We have napkins and tablecloths and works on paper by Paul McCarthy, Roni Horn, Matthew Day Jackson, Rirkrit Tiravanija, Nate Lowman, Rashid Johnson, Norman Foster, Helmut Lang—a lot of people. It happened organically, and when it started I thought I should keep them all. There’s a tradition at places like Colombe d’Or, the Paris Bar in Berlin, and the Kronenhalle in Zurich—where I’m from—for which the walls of the restaurants have artworks by the artists who eat there.

I’ve been always interested in Minimalist artists. The process of taking things away excites me more than the process of adding. Many works have inspired me but one of them is a study by Picasso called Bull, where he tried to figure out the most important lines of a bull. I learned about that piece maybe 20 years ago and it really inspired me. Then works by Fontana, the slashed canvases, were important to me—and so many more.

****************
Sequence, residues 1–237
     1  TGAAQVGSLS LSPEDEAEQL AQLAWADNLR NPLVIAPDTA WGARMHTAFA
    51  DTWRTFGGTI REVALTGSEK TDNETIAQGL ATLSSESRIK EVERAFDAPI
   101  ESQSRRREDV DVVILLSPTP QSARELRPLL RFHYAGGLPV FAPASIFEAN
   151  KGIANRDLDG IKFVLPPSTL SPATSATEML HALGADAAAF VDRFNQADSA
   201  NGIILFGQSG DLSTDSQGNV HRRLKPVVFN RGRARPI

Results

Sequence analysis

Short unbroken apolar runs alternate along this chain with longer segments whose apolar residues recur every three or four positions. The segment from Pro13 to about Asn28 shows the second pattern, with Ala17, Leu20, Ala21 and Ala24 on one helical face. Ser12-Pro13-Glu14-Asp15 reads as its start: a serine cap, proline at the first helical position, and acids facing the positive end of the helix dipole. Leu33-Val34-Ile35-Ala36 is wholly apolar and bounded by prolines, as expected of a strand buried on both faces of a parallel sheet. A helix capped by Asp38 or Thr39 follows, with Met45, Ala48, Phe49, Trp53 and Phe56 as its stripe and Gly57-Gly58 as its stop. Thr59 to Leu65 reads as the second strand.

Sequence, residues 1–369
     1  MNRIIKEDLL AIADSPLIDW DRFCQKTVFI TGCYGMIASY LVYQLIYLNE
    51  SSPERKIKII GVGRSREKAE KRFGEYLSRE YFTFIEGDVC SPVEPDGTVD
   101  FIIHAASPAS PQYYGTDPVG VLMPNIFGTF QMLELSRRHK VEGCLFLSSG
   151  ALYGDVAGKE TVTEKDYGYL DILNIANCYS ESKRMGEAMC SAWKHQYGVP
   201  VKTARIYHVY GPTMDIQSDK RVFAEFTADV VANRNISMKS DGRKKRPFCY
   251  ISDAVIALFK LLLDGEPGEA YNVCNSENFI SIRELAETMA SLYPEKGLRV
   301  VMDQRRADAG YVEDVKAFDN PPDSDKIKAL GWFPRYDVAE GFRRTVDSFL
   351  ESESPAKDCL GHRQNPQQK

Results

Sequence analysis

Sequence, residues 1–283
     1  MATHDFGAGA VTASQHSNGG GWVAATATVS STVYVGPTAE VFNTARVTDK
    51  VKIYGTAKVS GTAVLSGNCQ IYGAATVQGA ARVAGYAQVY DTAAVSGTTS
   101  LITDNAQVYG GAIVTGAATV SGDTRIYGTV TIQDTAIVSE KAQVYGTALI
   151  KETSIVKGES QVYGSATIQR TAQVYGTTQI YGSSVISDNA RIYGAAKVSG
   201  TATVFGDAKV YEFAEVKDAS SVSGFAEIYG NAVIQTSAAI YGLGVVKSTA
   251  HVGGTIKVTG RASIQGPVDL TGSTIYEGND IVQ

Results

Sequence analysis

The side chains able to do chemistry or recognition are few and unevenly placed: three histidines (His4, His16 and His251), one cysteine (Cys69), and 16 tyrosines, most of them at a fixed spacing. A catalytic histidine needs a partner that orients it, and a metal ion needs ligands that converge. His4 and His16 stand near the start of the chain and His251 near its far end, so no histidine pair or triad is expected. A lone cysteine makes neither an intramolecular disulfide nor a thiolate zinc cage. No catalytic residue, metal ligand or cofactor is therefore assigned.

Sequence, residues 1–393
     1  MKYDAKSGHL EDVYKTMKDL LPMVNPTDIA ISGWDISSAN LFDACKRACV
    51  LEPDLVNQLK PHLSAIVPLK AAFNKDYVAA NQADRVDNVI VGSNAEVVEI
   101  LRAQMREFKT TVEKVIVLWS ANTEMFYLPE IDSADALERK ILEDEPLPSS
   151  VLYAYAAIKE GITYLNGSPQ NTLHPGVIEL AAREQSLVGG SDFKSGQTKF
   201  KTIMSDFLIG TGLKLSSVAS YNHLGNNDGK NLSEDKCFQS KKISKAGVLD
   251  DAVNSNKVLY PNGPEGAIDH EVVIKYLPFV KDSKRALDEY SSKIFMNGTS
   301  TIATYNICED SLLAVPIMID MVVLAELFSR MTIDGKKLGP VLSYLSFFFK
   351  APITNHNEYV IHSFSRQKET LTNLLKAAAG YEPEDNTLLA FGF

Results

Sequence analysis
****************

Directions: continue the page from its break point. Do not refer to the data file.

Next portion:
I’ve followed Daniel Turner’s work since he took that cafeteria and dissolved it and made into a sculpture that you can walk on. It had a presence and a story and this energy. I was blown away. For me, there is no other room I’ve ever spent more time in than my old kitchen. There is no place more significant to my work. I spent 12 years in that kitchen and my food evolved there. I’m obviously excited about the new kitchen, but it was very emotional to break the old one down and move on. It was important to me, as it is in my work, to pay respect to the past and make the past a part of the present and the future.